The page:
Copyright 2013, SPE/IADC Drilling Conference and Exhibition This paper was prepared for presentation at the SPE/IADC Drilling Conference and Exhibition held in Amsterdam, The Netherlands, 5-7 March 2013. This paper was selected for presentation by an SPE/IADC program committee following review of information contained in an abstract submitted by the author(s). Contents of the paper have not been reviewed by the Society of Petroleum Engineers or the International Association of Drilling Contractors and are subject to correction by the author(s). The material does not necessarily reflect any position of the Society of Petroleum Engineers or the International Association of Drilling Contractors, its officers, or members. Electronic reproduction, distribution, or storage of any part of this paper without the written consent of the Society of Petroleum Engineers or the International Association of Drilling Contractors is prohibited. Permission to reproduce in print is restricted to an abstract of not more than 300 words; illustrations may not be copied. The abstract must contain conspicuous acknowledgment of SPE/IADC copyright.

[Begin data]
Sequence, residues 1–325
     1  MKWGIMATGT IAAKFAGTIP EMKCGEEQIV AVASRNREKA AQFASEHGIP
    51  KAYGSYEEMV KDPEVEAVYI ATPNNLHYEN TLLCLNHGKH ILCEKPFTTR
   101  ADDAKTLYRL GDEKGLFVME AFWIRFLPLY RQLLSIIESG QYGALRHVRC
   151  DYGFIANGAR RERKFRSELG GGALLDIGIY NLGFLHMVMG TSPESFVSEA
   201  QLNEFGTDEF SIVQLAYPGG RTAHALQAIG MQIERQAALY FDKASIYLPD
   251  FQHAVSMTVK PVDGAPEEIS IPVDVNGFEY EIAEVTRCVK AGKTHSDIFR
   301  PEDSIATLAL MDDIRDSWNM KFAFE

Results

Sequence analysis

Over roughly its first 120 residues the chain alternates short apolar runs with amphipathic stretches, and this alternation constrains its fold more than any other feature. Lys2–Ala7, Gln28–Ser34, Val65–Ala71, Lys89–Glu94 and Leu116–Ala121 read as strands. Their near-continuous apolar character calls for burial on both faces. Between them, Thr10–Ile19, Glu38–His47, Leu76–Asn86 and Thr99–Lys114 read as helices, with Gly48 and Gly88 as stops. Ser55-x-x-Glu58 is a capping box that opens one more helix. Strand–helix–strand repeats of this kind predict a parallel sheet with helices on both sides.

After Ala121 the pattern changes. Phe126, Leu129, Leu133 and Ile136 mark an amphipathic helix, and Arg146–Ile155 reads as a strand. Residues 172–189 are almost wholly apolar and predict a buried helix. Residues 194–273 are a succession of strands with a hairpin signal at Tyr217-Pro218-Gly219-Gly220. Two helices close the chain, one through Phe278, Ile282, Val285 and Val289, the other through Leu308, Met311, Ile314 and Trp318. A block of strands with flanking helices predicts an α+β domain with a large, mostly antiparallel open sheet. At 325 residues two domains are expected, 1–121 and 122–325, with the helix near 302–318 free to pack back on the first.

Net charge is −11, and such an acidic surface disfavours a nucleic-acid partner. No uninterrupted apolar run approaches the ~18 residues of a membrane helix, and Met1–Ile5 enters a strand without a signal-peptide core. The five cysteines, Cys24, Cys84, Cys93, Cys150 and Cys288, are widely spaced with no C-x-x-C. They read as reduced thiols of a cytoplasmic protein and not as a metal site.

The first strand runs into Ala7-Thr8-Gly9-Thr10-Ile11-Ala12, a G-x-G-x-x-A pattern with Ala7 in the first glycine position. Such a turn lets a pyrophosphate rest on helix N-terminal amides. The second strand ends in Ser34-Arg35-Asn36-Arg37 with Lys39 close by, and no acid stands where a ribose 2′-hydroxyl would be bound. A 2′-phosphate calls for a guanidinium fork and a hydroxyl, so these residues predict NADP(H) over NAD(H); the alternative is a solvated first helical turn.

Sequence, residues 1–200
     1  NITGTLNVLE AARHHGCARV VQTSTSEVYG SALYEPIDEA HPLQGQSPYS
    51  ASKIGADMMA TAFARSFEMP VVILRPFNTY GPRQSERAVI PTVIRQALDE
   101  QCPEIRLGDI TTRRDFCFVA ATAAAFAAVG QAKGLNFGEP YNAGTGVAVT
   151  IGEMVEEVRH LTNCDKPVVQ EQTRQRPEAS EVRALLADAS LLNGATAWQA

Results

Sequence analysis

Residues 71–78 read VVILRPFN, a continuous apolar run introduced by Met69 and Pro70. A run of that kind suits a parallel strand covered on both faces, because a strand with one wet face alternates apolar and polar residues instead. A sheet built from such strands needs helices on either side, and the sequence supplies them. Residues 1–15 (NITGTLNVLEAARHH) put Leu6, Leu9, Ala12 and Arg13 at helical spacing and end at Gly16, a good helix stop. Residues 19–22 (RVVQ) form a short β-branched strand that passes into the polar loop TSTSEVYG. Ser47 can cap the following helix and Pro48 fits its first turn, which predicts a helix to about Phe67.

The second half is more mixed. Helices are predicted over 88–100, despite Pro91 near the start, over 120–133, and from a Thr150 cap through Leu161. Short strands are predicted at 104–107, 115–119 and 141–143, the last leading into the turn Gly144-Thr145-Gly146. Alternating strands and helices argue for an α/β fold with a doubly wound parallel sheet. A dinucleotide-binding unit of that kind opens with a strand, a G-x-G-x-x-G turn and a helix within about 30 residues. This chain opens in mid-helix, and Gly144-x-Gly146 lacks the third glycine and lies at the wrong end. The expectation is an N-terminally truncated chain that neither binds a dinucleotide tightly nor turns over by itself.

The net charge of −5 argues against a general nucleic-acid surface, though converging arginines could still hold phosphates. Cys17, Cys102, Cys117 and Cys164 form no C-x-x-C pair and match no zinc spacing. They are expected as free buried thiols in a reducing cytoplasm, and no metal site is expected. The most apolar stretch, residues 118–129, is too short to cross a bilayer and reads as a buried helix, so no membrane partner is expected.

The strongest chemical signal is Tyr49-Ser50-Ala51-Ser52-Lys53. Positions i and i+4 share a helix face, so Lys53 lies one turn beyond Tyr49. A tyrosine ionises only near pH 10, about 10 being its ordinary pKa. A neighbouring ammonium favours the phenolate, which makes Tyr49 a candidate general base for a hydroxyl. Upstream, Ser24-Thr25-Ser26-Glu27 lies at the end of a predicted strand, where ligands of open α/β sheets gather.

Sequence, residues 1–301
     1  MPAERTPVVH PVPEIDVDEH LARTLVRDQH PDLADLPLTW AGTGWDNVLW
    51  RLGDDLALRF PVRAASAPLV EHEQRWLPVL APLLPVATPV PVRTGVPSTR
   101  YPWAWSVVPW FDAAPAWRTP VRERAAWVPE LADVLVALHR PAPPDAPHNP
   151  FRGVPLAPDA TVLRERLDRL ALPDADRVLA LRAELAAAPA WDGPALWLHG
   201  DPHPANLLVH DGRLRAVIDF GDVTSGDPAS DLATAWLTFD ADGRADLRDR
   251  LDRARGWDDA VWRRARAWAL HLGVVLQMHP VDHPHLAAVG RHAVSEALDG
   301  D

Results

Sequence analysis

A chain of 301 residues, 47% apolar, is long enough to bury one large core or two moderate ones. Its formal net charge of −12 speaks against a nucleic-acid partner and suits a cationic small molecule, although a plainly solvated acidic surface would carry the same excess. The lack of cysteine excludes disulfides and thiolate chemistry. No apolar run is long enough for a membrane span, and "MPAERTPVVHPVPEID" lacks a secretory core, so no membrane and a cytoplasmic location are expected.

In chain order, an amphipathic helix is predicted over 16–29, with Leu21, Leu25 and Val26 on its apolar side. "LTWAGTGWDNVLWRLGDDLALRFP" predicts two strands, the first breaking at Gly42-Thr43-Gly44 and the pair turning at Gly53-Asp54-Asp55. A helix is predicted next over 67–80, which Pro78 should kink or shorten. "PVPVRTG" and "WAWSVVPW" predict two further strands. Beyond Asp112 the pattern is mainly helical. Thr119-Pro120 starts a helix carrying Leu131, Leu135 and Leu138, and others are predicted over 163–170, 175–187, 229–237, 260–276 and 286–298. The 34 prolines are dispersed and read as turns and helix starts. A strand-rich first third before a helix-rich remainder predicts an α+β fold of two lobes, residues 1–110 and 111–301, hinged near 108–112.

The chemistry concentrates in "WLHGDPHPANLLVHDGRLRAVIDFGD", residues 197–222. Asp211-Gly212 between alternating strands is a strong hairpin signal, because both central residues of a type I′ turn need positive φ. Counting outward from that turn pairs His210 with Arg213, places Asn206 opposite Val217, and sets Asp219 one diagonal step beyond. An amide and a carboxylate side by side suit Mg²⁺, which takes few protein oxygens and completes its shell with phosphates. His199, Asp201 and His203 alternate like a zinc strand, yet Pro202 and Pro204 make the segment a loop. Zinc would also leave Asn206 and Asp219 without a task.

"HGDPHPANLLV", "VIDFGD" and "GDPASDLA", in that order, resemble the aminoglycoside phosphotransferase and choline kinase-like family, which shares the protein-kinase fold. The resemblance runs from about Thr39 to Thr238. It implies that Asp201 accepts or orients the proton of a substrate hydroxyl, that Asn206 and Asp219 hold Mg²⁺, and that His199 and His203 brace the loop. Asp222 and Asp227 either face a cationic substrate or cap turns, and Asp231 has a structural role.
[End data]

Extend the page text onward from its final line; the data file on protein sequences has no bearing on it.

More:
The identification of drillstring elements (in particular drillpipes) is currently performed in PETROBRAS using serial numbers imprinted somewhere on the body of the element. A procedure will be set up to establish effective control of these elements, such as accumulated cycles, accumulated footage, inspection reports and, particularly, accumulated fatigue. It is necessary to track each element along all campaigns in which it takes part by identifying its position on the drillstring, registering the mechanical parameters it is submitted, and registering the mechanical conditions of the borehole. Using the traditional imprinted serial number, it is difficult (or almost impossible) to keep a reliable log of each drillstring element in the rig site. The use of electronic chips attached to the body of these elements allows a fast, efficient, and reliable identification of each element through a unique key number. A manual reader is used to scan the chip and send the information to a local database at the rig site. The drilling parameters are obtained in real time through sensors distributed along the rig and sent to the database. At given time intervals, these data are used to calculate the fatigue each element was exposed to and accumulate the data in the database. A suitable mathematical model then is used for the fatigue calculation. Before being connected to the drillstring, each element is checked for accumulated fatigue and is accepted or rejected depending on the expected fatigue it will be exposed to in the campaign. Integrated databases on the operative units control the stock, inspection reports, supply, purchase, and discard of the drilling elements. Elements used before the implementation of the system are considered dummy elements with respect to the accumulated fatigue and are treated as usual. New elements are tracked since the first drilling operation. A period of several years (the average life span of the elements) is expected until all old, untracked elements are replaced by new, tracked elements. Among several benefits, this procedure is expected to significantly decrease drillstring failure due to mechanical fatigue, with consequent associated cost savings.